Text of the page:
Rewind: Superintendent Mizell adjusts to job

Joshua Kellogg
Bloomfield School District Superintendent Kim Mizell talks during an interview on Dec. 22 at the Bloomfield School District Administration Office. Mizell was selected in February to succeed Joe Rasor as superintendent after he announced his retirement in August 2014.

Editor's note: The Daily Times' annual "Rewind" series revisits stories we have reported on over the past year. To read more “Rewind” stories, go to 

BLOOMFIELD — After completing her first semester as superintendent, Kim Mizell is getting more comfortable with the many responsibilities of managing the Bloomfield School District.

As The Daily Times reported on Feb. 4, Mizell was selected by the district Board of Education to succeed Joe Rasor as superintendent after he announced his retirement in August 2014.

Mizell said she developed a love for education when she first started helping children learn to read.

“I love teaching first, second graders. There is nothing more fulfilling than seeing a child learn to read and get the concepts,” Mizell said.

Mizell returned to the district where she began her teaching career on April 1 as a temporary transition assistant superintendent. That arrangement allowed her to shadow Rasor for three months before his June 30 retirement.

During her 11 years with the district, she worked as a teacher and assistant principal at Central Primary Elementary School and as a principal at Blanco Elementary School.

She was previously the executive director of Northwest Regional Education Center No. 2. At the center, Mizell helped implement support programs for school districts and worked as a turnaround leader through the Principals Pursuing Excellence program with the New Mexico Public Education Department.

The three-month transition period at Bloomfield allowed Mizell to learn about the district’s budgeting process and provided time for her to visit with the staff and principals at each school. The visits helped her form ideas about the future direction of the district.

Bloomfield School District Superintendent Kim Mizell talks during an interview on Dec. 22 at the Bloomfield School District Administration Office.

Mizell said one of her immediate goals for the district is to utilize periodic assessments during the school year to help identify students in need of intervention.

The information from the assessments can be used to help identify areas where students need the most help because they provide more timely information than exams performed on an annual basis.

A number of programs Mizell is working on implementing are designed to improve the district’s performance on state assessments and in the letter grades assigned by the state education department.

The district’s performance on the Partnership for Assessment of Readiness for College and Careers, or PARCC, exam showed the district scored below the state average in 11 of 12 categories for first through eighth grades.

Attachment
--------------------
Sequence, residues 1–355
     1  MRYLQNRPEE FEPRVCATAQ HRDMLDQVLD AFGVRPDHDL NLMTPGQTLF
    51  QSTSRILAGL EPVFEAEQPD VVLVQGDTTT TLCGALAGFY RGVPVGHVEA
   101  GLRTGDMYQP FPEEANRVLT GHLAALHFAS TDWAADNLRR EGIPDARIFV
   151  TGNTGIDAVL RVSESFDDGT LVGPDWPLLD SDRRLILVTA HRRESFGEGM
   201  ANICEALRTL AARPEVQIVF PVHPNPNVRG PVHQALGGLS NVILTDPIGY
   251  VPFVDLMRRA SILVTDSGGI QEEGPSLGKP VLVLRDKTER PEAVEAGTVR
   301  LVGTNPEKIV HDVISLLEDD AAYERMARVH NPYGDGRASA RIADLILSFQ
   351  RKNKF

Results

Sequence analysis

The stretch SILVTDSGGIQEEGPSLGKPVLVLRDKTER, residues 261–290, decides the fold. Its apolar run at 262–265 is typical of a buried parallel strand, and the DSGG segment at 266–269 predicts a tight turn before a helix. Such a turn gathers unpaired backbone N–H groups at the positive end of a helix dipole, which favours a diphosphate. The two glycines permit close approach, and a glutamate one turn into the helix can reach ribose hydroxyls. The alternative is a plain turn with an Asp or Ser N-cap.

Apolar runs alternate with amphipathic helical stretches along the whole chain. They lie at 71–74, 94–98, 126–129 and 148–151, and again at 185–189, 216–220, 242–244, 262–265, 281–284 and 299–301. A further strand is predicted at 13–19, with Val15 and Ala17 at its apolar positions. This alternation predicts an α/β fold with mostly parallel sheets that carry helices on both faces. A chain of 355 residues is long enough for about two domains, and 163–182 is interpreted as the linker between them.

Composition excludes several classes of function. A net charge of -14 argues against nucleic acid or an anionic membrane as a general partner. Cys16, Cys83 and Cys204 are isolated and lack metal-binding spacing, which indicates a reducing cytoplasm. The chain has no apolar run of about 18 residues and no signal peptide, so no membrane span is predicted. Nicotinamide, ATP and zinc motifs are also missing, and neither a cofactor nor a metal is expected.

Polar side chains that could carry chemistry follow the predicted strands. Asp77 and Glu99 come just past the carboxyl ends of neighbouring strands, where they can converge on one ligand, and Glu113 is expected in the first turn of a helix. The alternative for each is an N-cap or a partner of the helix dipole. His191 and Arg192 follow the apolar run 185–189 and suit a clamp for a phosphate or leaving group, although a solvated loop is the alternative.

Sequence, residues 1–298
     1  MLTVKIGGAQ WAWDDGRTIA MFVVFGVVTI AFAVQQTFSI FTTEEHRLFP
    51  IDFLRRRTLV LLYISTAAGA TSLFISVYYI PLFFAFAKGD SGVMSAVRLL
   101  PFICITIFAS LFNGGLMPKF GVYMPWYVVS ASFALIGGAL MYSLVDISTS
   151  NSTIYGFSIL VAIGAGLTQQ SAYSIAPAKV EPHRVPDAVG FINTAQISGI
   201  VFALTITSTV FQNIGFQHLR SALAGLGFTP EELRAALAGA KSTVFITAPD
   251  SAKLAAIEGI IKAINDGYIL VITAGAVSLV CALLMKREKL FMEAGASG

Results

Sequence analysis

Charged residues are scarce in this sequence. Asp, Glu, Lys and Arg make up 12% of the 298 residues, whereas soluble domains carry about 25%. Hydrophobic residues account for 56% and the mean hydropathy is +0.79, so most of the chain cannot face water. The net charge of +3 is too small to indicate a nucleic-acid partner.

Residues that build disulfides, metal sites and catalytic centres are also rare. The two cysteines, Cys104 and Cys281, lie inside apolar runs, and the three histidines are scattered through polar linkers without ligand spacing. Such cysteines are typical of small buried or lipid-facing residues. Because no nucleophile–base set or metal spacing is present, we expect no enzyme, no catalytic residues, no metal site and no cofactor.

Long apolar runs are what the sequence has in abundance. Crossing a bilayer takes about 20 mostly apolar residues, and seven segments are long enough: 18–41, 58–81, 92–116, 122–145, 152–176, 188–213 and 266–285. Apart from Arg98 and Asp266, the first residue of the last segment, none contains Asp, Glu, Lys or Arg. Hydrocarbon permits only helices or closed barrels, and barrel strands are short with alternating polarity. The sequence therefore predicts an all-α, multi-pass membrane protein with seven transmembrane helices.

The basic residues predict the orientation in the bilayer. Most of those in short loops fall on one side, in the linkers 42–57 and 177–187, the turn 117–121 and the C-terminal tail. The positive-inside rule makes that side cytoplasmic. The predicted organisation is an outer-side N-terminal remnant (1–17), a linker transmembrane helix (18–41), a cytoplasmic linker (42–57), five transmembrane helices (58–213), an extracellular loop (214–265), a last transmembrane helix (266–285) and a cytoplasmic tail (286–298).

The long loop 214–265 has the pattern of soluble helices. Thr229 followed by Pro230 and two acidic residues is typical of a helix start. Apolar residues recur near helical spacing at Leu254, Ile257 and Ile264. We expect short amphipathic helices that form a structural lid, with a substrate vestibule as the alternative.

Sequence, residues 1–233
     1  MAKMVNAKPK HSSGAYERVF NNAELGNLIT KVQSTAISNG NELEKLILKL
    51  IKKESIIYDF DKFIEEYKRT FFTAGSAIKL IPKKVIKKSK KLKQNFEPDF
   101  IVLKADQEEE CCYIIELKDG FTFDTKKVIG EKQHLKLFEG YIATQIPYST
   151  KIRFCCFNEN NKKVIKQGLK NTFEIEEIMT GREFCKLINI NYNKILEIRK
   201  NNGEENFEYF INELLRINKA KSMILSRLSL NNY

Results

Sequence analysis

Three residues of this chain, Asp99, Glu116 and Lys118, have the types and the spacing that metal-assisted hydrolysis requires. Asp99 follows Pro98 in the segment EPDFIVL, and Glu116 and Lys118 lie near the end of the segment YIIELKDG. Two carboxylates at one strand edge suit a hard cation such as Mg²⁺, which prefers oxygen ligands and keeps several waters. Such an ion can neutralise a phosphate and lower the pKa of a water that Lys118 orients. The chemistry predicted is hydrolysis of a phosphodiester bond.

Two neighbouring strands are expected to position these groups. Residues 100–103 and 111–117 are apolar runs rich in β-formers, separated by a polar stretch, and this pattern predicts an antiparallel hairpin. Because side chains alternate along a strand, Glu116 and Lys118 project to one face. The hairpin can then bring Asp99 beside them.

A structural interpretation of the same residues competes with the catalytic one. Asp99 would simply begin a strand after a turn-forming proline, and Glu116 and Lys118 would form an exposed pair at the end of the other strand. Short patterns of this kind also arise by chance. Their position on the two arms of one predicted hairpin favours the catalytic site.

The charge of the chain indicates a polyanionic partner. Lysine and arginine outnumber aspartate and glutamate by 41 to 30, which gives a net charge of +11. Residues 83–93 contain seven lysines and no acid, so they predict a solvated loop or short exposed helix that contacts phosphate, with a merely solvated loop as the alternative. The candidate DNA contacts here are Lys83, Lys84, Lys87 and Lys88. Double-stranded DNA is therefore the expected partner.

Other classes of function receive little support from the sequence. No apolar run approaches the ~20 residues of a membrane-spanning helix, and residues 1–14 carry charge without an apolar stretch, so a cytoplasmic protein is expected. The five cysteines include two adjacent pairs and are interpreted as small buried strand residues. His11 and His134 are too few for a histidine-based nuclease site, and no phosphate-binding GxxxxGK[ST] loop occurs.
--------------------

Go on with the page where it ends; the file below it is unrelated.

The New Mexico Public Education Department earlier this month gave the district three Cs, two Ds and two Fs for the 2014-2015 school year report cards.

While examining the PARCC data, Mizell said she noticed that students who performed the best also scored higher on the writing portion of the exam.

A new writing program is being implemented this year that is designed to increase proficiency in writing based on that correlation.

“We are being more strategic in Bloomfield this year and I hope the students will see success with the next round of PARCC assessments,” Mizell said.

Mizell said turning a school district around takes time but she hopes these first steps will improve the district's performance this current school year.

School Board President Dale Maes said Mizell has done a thorough job reviewing the district's curriculum and is working hard to ensure student success.

Bloomfield School District Superintendent Kim Mizell poses for a portrait on Dec. 22 at the Bloomfield School District Administration Office.

"We're hoping to see a big increase in our PARCC scores and school grades for this school year," Maes said.

One element of the job that surprised Mizell was the time commitment. Between the duties of the superintendent and trying to attend student activities in the evening, her day starts about 7:45 a.m. and ends about 9:30 p.m.

“I really try to support the students and the student athletes,” Mizell said.

As for long-term plans, the district is involved in a program to improve reading instruction for kindergarten and first grade students which also provides intervention for third and fourth-grade students.

Mizell said the district is working on identifying programs to help improve math instruction starting next school year.

“We’re doing quite a bit this year with addressing things in the district,” Mizell said. “My hopes are as we progress, we’ll just keep refining as we go.”

Joshua Kellogg covers education for The Daily Times. He can be reached at 505-564-4627.